1. So for awhile we were doing really good and eating clean 90% of the time. Then the Zookeeper started a part-time job at night and now we hardly ever see him. So I just started feeding them sandwiches and leftovers and no veggies because it is always an argument with at least one child about the merits of eating veggies.
    Oh and my grandma prefers fast food to anything even remotely healthy and whines and complains about everything else so throw in at least one fast food meal and our diet has gone down the drain!
    I have shopped other stores and still have a hard time finding organic food at a reasonable price. Except for carrots. They must grow no matter what.

    • I know you’re having a hard time with your grandma. I’m so sorry.

      I’m really not fond of living in (or, more accurately, on the fringes of) a metropolis, but one good thing about it is that I have a really wide range of shopping options, including groceries. I regularly shop at six different stores for groceries, though not all of them on the same week, and I know what I can find, where… Not everyone has that option.

  2. I think the Midwest is a little harder at finding organic foods and such too. We like our beef and fries. hehe Seriously though we don’t have the stores and such that farther west does, but we are getting a Whole Foods and it is almost finished!

  3. I read your post below about growing a garden in the desert. I have been doing so in New Mexico(north of El Paso) since 2006. It has taken much calculation and conservation but we have finally mastered a system. First and foremost we gave up beauty…which we are slowly recovering, as we went to Mesilla Maze in Las Cruces New Mexico and discovered tire gardening. Utilizing a tire raised bed method water is maintained in the soil for the plant intended.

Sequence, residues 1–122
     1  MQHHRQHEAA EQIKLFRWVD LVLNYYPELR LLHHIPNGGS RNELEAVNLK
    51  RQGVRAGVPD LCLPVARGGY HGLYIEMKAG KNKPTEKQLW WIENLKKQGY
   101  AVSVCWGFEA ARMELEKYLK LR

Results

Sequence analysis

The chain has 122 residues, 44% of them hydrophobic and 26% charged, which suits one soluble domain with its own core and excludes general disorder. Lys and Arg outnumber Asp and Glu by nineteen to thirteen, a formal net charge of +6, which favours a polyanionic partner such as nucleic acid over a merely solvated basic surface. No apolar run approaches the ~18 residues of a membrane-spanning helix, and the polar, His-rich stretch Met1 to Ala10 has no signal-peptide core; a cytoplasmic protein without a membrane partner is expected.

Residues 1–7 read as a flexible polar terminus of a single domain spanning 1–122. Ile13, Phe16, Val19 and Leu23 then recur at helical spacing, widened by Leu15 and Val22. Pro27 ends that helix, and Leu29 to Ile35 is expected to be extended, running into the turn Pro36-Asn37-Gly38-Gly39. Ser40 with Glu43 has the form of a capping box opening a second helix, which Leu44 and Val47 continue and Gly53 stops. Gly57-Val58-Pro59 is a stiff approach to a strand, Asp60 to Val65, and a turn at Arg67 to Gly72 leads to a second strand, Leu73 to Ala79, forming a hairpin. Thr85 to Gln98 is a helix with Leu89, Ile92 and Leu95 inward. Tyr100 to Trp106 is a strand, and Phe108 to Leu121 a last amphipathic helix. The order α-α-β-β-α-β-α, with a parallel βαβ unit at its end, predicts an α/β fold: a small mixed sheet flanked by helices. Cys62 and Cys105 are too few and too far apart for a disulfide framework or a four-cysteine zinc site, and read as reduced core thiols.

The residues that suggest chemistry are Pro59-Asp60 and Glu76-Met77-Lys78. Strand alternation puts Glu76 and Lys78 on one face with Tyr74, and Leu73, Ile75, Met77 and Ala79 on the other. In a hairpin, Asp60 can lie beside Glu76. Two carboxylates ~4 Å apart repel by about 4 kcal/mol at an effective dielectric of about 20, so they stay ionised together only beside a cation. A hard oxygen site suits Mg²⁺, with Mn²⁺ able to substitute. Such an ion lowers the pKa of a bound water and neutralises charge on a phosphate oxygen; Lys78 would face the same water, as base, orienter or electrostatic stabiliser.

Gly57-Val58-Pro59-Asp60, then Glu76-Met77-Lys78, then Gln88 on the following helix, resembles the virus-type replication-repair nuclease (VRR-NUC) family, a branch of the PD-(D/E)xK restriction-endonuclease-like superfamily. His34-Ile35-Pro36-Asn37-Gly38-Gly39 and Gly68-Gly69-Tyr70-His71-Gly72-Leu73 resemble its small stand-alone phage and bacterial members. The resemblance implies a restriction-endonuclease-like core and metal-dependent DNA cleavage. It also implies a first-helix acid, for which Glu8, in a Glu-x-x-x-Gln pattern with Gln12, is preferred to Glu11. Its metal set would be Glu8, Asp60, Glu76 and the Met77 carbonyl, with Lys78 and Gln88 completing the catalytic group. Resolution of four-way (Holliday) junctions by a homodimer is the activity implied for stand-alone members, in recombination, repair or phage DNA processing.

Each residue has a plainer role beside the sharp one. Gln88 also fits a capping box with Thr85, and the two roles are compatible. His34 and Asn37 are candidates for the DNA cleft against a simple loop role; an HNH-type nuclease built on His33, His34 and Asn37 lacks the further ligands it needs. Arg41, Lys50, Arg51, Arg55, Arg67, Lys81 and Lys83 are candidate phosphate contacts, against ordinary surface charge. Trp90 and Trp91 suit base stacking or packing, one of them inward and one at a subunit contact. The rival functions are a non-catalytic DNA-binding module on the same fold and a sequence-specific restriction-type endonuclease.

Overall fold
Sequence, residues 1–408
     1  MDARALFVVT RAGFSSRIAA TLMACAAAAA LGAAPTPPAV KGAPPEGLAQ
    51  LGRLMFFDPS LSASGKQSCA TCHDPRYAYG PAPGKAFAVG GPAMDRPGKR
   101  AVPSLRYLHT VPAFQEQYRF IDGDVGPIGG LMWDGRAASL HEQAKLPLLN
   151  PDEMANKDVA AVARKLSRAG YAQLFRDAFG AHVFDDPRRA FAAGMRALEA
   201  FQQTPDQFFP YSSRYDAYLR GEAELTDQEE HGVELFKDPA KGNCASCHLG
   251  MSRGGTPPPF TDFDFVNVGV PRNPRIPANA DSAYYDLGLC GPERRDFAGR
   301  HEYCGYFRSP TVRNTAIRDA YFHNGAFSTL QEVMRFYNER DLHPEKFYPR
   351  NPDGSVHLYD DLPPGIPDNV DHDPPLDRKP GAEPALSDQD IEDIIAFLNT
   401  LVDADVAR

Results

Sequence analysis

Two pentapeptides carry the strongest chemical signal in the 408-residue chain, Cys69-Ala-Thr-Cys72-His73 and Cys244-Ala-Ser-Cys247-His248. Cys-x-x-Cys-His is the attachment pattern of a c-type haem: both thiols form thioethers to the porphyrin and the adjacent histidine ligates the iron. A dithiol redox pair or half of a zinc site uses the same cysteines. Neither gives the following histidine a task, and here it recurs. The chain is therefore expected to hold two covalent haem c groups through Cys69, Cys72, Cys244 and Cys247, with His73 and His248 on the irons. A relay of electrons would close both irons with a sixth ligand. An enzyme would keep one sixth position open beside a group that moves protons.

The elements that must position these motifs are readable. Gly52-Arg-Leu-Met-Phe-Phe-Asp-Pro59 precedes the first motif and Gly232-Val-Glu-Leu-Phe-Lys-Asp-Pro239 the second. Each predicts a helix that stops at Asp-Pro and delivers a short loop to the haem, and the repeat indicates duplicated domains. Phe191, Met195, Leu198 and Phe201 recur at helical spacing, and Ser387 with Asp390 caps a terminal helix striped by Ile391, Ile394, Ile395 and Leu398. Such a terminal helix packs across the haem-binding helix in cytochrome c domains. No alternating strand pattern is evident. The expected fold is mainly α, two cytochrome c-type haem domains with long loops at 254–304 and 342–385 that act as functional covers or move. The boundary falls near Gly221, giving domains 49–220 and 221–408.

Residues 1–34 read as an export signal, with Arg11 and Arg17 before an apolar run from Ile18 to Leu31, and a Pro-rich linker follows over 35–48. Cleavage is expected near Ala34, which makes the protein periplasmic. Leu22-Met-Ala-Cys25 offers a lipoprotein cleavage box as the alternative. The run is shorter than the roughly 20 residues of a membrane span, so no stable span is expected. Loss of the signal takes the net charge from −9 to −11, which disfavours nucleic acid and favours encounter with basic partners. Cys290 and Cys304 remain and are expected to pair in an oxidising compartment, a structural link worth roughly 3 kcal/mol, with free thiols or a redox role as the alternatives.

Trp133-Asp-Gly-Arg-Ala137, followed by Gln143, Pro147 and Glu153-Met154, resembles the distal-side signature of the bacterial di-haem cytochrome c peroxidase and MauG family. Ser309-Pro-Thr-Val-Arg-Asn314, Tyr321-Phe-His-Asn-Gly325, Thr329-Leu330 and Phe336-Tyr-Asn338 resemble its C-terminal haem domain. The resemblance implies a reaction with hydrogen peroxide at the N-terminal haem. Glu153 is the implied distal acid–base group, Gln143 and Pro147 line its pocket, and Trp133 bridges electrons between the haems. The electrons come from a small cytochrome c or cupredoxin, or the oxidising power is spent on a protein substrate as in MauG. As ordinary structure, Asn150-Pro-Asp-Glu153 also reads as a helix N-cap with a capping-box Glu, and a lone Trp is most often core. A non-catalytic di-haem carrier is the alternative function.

This past garden was magnificent even though it was one of our smaller ones. I slowly have been painting the tires whenever I find paint on our local yard sale sights(no need to buy new). The coloring of the tires has become an eclectic southwestern delight.

    We also raise our own beef, lamb, chickens, turkey and goats. In the past several years I have learned to make our own cheeses, and prepare much food simply and organically. We use no corn and buy an organic feed that we add to with dried crushed mesquite beans and any items we can harvest locally-leaves, pecans, thirds from local orchard and the likes.

    I am not too sure about you as I found you while researching about rice milk and decided to read more 🙂

    Jennifer

    • Woo hoo, Jennifer! I am putting your blog in my reader. Your farm sounds GREAT!!! I love how you’re raising your own animals. I am in a suburb and cannot even have my own chickens. 😦 This past summer, I got raw dairy (cow and goat), organically-raised meat and produce from a CSA I participated in.

      I love the idea of old tires for raised beds! I’m going to keep an eye out. I don’t have much room for more garden, but I can surely find spots for tires. 🙂

  1. Pingback: Organic deals of the week « Only Sometimes Clever